Trustee Duties – Duty to Inform and Account to Beneficiaries

Trustee Duties – Duty to Inform and Account to Beneficiaries

As the final installment of our Trustee Duties series, it is crucial to shed light on the important trustee responsibilities of providing information and accounting to trust beneficiaries. Since trustees play a pivotal role in ensuring transparency and accountability within the trust administration process, these fiduciary duties enable trustees to uphold the trust’s integrity and safeguard the interests of the beneficiaries. 

Two sections of the California Probate Code highlight these essential fiduciary duties. In Section 16060, the trustee’s duty to inform encompasses the obligation to keep beneficiaries reasonably informed about the trust. In Section 16062, the duty to account mandates that trustees provide beneficiaries with accurate reports about the trust administration. These reports typically show details such as the trust’s assets, investments, transactions, expenses, and distributions.

One of the important aspects of the duty to inform is that the trustee must provide certain information to all heirs and beneficiaries who are named in a trust after the creator of the trust has passed away or becomes incapacitated. The triggering issue is that the trust has become irrevocable and therefore the named beneficiaries are now considered “vested beneficiaries”. This information, also known as a California Probate Code Section 16061.7 Trustee Notification, should include the name of the person who created the trust, a notice regarding the 120-day period in which the trust can be contested, and more.  Depending on circumstances, the list of people who are entitled to notice and who should be notified regardless of their beneficiary status can vary.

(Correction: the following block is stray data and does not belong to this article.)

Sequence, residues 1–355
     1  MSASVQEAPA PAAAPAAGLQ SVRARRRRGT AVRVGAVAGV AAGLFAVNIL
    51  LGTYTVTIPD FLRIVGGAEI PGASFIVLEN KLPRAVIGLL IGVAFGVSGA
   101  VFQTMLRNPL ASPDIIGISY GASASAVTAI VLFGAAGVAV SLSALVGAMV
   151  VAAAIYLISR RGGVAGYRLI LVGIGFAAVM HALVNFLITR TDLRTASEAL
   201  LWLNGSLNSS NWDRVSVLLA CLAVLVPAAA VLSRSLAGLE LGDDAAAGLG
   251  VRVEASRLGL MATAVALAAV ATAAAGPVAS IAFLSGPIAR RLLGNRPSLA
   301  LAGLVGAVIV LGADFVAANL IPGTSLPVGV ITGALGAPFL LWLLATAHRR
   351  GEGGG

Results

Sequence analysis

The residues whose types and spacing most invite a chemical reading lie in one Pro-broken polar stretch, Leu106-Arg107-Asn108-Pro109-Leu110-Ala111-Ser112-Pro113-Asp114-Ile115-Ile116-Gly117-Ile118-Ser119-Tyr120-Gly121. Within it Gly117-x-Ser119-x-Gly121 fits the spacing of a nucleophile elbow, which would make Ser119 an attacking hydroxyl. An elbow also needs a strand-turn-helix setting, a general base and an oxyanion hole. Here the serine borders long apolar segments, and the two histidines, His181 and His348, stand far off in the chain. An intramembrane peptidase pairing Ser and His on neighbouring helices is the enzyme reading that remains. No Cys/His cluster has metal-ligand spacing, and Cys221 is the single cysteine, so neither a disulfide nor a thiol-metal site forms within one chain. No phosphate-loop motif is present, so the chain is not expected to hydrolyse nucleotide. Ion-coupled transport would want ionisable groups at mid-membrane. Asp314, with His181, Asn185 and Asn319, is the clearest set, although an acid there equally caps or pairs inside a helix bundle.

Case Study on Duty to Account: Estate of McCabe (1950)

A trustee also has the essential responsibility of providing a proper accounting of the trust finances so that the trust beneficiaries can know the details about their distributions. In the California case of Estate of McCabe, the court determined that the trustee breached her fiduciary duty to provide an accounting to the beneficiaries. Unfortunately, the trustee had mingled the trust funds with her own. Also, she provided an insufficient account with vague and general estimates of the expenses since she failed to keep any records, checks, and receipts of the expenses. The rules for accounting are very strict and tilted to put the burden on the Trust (fiduciary) and guessing at what is required from the trustee is not a wise choice.

Protect Your Inheritance with Skilled Trust Litigation Attorneys Today

At Max Alavi, Attorney at Law, APC,, our team of expert trust administration/litigation attorneys is dedicated to assisting trustees in navigating their legal responsibilities with diligence and integrity. With decades of combined experience, our attorneys confidently defend trustees who have already diligently fulfilled their duties and shield them from the demands of beneficiaries. Our law firm is also committed to advocating for trust beneficiaries who have been wronged by neglectful trustees and strives to hold them accountable for their fiduciary responsibilities. Don’t hesitate to reach out to us today to discuss how we can assist you in meeting your unique trust litigation needs and achieving a favorable resolution.